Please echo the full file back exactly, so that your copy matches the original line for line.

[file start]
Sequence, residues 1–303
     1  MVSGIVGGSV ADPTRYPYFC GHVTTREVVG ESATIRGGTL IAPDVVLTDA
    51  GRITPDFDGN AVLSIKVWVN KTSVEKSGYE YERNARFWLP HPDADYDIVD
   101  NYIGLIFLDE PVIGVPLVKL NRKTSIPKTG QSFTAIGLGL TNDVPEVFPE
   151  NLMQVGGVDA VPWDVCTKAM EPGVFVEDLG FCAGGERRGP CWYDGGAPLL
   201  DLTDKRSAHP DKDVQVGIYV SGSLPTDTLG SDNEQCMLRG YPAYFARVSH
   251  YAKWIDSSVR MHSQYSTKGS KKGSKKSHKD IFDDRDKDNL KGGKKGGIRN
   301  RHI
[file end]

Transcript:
Sequence, residues 1–303
     1  MVSGIVGGSV ADPTRYPYFC GHVTTREVVG ESATIRGGTL IAPDVVLTDA
    51  GRITPDFDGN AVLSIKVWVN KTSVEKSGYE YERNARFWLP HPDADYDIVD
   101  NYIGLIFLDE PVIGVPLVKL NRKTSIPKTG QSFTAIGLGL TNDVPEVFPE
   151  NLMQVGGVDA VPWDVCTKAM EPGVFVEDLG FCAGGERRGP CWYDGGAPLL
   201  DLTDKRSAHP DKDVQVGIYV SGSLPTDTLG SDNEQCMLRG YPAYFARVSH
   251  YAKWIDSSVR MHSQYSTKGS KKGSKKSHKD IFDDRDKDNL KGGKKGGIRN
   301  RHI